And finally, best of luck to all as we work together to make 700 MHz mobile wireless services a reality for the American public. We hope that industry and government will find a way to ensure that public safety first responders derive similar benefits from this spectrum as American consumers surely will.

Monday, March 17, 2008: Bidding at the end of Round 248

Here is the summary data for the auction to date:

Block MHz Number of Licenses Aggregate Total PWBs % of Reserve Current Cost per MHz-pop FCC Held Licenses
A 12 176 $3,961,174,000 219% $1.16 2
B 12 734 $9,143,721,000 665% $2.68 6
C 22 12 $4,748,319,000 102% $0.76 0
D 10 1 $472,042,000 35% $0.17 0
E 6 176 $1,266,889,000 140% $0.74 0
Total 62 1099 $19,592,145,000 8

And here is the data for today (note we are at 14 rounds per day):

Daily Sums Daily Averages per Round
Block PWB Delta New Bids Value of New Bids (BUs) PWB Delta New Bids Value of New Bids (BUs)
A $0 0 0 $0 0.0 0
B $639,000 45 955,500 $45,643 3.2 68,250
C $0 0 0 $0 0 0
D $0 0 0 $0 0 0
E $4,000 4 13,600 $286 0.3 971
Total $643,000 49 969,100 $45,929 3.5 69,221
Graph of FCC Auction 73 New Bidding Units at the end of Round 248

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Graph of FCC Auction 73 New Bids at the end of Round 248

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The end is so close now we can smell it, as today we saw the first round in which only one new bid was placed. It happened today in Round 243, and although this round was sandwiched by rounds of four bids each, it's still an encouraging sign that the end is near. It's interesting to note as a benchmark that Auction 66 ended exactly 17 rounds after the first round in which there was just one bid. But given the level of activity that we have seen in recent rounds compared to the level of activity in the final rounds of Auction 66, it's reasonable to assume that Auction 73 will end less than 17 rounds from Round 243. So our guess is that it will be over by midday tomorrow, perhaps in Round 254 or so. We'll see...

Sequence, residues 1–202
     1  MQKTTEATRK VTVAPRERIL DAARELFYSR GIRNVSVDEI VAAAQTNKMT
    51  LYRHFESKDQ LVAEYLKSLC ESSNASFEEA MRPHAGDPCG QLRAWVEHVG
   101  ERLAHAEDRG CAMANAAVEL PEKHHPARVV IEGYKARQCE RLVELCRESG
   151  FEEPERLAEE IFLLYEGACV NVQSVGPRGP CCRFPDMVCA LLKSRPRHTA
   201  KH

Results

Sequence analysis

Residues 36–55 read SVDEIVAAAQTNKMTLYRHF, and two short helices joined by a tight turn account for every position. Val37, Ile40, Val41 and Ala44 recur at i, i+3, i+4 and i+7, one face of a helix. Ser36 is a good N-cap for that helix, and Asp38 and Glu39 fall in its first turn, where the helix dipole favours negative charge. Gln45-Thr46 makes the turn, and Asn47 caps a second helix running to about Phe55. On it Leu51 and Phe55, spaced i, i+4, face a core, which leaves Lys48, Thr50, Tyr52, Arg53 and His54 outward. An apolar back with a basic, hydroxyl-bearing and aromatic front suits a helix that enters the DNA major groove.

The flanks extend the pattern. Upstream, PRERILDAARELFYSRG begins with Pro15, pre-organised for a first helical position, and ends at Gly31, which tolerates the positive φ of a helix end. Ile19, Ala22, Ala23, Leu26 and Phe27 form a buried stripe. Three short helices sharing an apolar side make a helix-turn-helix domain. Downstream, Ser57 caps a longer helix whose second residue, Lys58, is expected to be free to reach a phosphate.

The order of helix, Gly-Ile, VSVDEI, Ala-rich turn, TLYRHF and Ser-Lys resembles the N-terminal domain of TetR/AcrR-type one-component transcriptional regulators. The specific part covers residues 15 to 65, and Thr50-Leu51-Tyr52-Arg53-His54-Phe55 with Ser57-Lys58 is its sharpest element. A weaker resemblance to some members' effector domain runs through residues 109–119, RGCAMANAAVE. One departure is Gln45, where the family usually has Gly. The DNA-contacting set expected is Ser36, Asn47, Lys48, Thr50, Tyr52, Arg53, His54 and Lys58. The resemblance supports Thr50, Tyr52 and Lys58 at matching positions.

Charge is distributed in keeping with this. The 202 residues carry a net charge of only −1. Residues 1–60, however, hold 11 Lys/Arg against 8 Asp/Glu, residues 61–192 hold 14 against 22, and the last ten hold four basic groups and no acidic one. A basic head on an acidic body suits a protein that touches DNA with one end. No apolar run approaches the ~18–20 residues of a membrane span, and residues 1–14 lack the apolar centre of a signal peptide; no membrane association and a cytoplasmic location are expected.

The auction gained a whopping $643K today, more than the gains of last Thursday and Friday combined. This was due in part to the 14 round format, but the new formula used to calculate the amount of new bids also helped. Existing bidding wars such as those in Putnam FL and Garrett MD continued today but as the amounts required to continue the battle increased quickly, bidders dropped out and the battles ended. For example, after just eight consecutive rounds of receiving bids today, the PWB on the Putnam FL license more than doubled and the license changed hands. In addition, several new battles broke out today, including Walton FL, Dixie FL, Johnson TN, and Tehama CA, and all but the battle for Tehama CA seem to have ended. We also saw continued sporadic bidding on licenses in Puerto Rico as well as two more unsuccessful attempts to take over the E license for American Samoa. In the last three rounds of the day, the only bids placed were for Tehama CA and the tiny island of Culebra PR.

There are now just eight licenses held by the FCC since a bidder picked up the Steubenville OH license in the first round this morning. The eight remaining unsold licenses are the A block licenses for Wheeling WV and Lubbock TX, the B block licenses for Fargo ND, Grand Forks ND, Bismarck ND, and one RSA in each of NC, SC, and VA.

For the moment, it appears that all three licenses in Puerto Rico that have received bids recently have changed hands since the activity started in Round 213, so these battles may be nearly over. Hopefully, bidding on these licenses will not resume tomorrow, and we will be that much closer to the end. But to get there, the Tehama CA battle must also end. We believe that the FCC's new formula will quickly raise the price out of reach of one of the bidders. Lastly, we hope that the disruptive bidder trying to take the American Samoa E license will stop trying, as it does not appear that it will be successful. If all this happens and nothing else breaks out in the meantime, then the auction should end tomorrow. Anything can happen, but we're cautiously optimistic that tomorrow is the day.